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Oscar Robertson Took A Shot At Biased Media: "They Resent You For Being A Star... They Try To Take Advantage Of You."

Oscar Robertson Took A Shot At Biased Media: "They Resent You For Being A Star... They Try To Take Advantage Of You."

NBA players and the media have had a complex relationship since always. Different factors can lead both parties to cut communication or start a war using their tools to make the rival look bad. 

This is not new, as vintage legends have suffered this, engaging in back and forths with reporters and entire companies trying to defend themselves. One of the greatest point guards ever, Oscar Robertson, didn't have the best relationship with the media. 

Whenever he had the chance, he took some shots at them, and in 2014, Robertson went off on the people creating the narratives about players. "The Big O" sat down with Chris Webber 8 years ago, firing at the media for their bias. He recalled a story of when he just won a title and one writer was already taking out of the league. 

"I'm in Milwaukee. We won a championship. And I see in a big magazine, the cover, a picture of me fading. Then the damn guy, the writer who wrote that wanted to do an interview. I said, 'man, you get the hell away from me. I don't even speak to you.'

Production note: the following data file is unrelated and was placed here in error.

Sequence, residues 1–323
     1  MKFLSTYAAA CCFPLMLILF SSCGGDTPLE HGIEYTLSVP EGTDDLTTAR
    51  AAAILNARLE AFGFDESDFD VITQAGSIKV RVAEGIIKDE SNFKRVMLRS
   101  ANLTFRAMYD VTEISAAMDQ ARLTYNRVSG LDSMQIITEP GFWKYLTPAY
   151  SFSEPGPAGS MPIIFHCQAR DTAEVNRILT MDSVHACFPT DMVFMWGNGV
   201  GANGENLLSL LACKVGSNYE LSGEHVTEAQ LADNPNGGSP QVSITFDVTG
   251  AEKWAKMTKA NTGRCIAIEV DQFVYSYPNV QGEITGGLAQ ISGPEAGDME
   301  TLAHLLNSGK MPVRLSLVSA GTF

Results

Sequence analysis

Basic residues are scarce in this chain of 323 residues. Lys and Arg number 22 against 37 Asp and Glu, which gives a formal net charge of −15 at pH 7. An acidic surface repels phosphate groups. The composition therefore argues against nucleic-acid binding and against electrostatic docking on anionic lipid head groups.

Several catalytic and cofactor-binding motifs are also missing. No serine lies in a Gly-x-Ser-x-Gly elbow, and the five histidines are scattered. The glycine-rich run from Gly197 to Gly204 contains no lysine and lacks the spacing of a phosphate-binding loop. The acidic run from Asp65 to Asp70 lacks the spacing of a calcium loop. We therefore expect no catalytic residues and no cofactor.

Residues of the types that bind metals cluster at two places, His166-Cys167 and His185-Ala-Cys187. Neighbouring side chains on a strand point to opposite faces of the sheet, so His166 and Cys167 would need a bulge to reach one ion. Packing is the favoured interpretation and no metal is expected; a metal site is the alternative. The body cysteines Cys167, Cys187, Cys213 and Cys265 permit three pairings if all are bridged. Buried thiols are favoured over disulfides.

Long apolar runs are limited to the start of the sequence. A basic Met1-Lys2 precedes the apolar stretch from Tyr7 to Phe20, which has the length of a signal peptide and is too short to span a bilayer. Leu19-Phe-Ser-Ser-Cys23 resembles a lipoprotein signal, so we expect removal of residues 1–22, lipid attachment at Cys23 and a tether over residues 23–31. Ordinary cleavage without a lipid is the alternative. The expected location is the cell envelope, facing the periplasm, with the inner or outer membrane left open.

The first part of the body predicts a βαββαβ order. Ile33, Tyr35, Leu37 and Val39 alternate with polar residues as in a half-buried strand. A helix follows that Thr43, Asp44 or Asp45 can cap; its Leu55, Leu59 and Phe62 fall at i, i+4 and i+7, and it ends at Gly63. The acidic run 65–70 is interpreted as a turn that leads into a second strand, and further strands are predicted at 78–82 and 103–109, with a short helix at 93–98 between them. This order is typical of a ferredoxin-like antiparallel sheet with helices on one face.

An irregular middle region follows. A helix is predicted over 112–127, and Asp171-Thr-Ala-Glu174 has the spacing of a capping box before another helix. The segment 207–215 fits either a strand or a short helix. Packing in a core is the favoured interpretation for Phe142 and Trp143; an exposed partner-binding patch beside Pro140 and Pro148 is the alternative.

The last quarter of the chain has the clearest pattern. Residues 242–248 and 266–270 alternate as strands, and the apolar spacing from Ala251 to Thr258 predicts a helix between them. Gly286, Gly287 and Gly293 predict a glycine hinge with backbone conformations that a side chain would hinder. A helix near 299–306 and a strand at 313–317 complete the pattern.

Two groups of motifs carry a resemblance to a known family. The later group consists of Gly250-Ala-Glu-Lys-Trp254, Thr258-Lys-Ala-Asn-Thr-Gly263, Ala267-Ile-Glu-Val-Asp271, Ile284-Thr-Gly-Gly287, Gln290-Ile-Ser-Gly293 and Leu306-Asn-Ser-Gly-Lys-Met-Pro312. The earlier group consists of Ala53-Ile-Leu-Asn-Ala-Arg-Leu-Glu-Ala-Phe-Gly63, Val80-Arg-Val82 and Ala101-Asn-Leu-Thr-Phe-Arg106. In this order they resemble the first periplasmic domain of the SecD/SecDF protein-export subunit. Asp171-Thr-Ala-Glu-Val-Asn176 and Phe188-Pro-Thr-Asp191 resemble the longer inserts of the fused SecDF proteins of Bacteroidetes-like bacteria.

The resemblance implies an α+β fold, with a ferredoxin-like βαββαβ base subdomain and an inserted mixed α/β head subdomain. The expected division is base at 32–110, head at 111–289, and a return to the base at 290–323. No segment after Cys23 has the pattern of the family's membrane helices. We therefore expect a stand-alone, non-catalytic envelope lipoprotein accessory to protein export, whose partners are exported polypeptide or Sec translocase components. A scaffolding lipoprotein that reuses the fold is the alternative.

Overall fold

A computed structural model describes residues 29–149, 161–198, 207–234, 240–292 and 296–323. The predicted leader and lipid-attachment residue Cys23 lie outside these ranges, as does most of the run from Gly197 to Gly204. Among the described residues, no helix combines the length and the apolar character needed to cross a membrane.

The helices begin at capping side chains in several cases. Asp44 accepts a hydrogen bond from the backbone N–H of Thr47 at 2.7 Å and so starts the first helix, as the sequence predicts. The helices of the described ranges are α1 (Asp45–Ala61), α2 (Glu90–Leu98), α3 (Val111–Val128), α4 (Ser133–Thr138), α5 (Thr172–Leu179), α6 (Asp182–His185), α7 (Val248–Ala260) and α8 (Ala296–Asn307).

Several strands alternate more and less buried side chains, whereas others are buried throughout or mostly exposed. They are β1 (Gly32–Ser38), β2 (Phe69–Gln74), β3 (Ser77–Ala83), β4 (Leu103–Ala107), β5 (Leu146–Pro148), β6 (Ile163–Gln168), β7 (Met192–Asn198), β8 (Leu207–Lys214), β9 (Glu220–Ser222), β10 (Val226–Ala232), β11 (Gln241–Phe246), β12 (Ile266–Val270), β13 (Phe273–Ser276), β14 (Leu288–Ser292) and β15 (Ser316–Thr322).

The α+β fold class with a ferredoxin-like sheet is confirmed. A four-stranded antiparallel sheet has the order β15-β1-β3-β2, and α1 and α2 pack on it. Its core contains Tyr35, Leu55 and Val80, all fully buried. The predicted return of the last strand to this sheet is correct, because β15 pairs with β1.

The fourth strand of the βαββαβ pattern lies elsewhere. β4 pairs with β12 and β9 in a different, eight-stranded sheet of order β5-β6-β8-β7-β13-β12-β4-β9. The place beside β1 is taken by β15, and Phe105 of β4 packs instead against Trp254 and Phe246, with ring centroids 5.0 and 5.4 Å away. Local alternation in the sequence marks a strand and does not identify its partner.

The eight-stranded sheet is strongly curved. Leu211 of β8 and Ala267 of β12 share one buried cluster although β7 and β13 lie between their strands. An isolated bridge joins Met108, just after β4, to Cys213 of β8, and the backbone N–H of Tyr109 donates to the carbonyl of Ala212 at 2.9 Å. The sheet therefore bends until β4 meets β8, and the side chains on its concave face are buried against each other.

"They resent you being a star. They resent you going home, living with your wife and your kids. They resent you going to the ballet and the opera, and being able to conduct yourself around kings and queens. They don't know what to say about you... I didn't like it, because they try to get advantage of you, because they could..."

Robertson is one of the best players of all time, often considered the GOAT for the generations that came after him, including Michael Jordan. Mr. Triple Double was really great during his active days, making history in Milwaukee and Sacramento, where he left a huge mark

That feeling about the press isn't new for NBA stars and it's crazy to see that players suffered that a lot of time ago. Nowadays, players aren't afraid to call out reporters when they ask eyebrow-raising questions. You can call Robertson a pioneer in many aspects of the game, including calling out toxic reporters.